My college days coincided with the rise of Tapas Pal in Bengali cinema. My entire batch couldn’t care less about him except for the film where he had debuted: Dadar Kirti. Kedar (pet name Phul da) was the epitome of innocence any actor has ever portrayed on celluloid. Raj Kapoor in Mera Naam Joker was a loser. In Eeshwar, Anil Kapoor could not differentiate between a simpleton and a mentally challenged man. In My Name is Khan, Shah Rukh Khan could have taken lessons from Dustin Hoffman’s Raymond Babbitt in Rain Man where the savant syndrome could have brought him closer to Asperger’s. Kedar by Tapas remains unchallenged.
Kodi Diye Kinlam, based on Bimal Mitra’s voluminous novel, came much later. Utpal Dutt and Aparna Sen rightly claimed all the credit. In the interregnum, my friends and I would see posters of Bengali films only on the façade of some dilapidated theatres of Calcutta that we never peeped in.
On 24 April 1992, a day after Ray died, Tapas Pal went to his residence to offer his condolences but was not let in. We read the report and burst into laughter, from where oozed sheer derision for the actor.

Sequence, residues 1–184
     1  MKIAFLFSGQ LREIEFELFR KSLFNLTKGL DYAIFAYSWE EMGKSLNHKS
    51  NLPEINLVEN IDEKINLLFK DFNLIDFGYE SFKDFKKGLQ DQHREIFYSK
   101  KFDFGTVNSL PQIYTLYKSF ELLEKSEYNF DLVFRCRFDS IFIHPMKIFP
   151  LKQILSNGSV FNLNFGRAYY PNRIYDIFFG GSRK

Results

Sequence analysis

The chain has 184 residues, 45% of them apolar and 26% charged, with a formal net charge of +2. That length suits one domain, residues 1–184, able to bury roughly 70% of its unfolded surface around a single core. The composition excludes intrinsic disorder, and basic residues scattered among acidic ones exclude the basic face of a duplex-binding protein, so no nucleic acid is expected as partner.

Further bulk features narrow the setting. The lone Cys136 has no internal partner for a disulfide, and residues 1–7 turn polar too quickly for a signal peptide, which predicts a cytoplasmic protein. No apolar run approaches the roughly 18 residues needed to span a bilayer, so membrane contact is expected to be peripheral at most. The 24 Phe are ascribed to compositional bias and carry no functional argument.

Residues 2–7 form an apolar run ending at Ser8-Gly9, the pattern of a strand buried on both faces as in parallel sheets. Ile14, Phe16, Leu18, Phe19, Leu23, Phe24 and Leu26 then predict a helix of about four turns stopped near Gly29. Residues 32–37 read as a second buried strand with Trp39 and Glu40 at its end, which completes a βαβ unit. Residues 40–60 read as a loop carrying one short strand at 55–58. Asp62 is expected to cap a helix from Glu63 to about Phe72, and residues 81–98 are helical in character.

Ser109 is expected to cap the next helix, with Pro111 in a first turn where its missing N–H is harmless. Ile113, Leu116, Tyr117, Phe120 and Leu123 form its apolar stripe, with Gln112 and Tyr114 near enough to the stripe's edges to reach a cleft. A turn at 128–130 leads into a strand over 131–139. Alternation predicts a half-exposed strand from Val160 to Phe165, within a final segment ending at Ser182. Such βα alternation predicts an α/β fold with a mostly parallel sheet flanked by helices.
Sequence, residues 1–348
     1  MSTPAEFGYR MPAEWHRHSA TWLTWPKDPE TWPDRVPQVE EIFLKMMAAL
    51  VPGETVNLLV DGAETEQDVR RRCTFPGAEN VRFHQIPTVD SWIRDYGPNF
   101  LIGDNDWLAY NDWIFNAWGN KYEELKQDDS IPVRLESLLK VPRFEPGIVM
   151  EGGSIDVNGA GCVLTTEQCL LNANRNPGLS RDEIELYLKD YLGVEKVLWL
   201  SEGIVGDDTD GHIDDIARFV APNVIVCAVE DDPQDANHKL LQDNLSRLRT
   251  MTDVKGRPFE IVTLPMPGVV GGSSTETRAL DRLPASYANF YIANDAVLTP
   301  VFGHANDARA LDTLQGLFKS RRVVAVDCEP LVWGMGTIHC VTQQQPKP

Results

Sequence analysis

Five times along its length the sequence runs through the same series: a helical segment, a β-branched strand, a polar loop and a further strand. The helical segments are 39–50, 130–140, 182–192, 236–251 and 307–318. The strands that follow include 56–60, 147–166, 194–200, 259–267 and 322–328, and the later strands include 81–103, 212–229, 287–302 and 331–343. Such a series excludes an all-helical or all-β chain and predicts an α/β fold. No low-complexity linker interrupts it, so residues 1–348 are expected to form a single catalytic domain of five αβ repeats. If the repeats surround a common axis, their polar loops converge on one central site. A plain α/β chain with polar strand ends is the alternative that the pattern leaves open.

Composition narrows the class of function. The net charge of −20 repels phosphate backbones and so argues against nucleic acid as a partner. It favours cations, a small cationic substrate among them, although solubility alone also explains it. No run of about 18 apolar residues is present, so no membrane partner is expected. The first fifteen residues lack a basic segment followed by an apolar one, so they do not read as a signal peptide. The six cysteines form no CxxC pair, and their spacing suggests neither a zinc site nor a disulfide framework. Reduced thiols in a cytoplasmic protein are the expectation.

The star of the most forgettable phase of Bengali cinema is gone. The players of the tinsel town, infamous for their vacuity, are coming up with customary laments. From Debashree who must have known him quite well to a faraway Madhuri Dixit, with whom Tapas played Abodh in Hindi, they have all read their respective funeral pieces with Christian-like precision. Other than widow Nandini and orphaned Sohini, does anyone really care?
I am told Nakashipara in the Choumuha village of District Nadia, where he had delivered the infamous “rape” speech in 2014, is mourning too. Really? Are the victims of the Rose Valley scam, for which Tapas had to stay in jail for 13 months before he was bailed, crying as well? He had accepted his association with Rose Valley founder Gautam Kundu after two rounds of intense grilling by the CBI and, in a rare case where the investigating agency succeeds in pinning down a celebrity, Tapas Pal was convicted in a court of law. The tradition of desisting from speaking ill of the dead is questionable.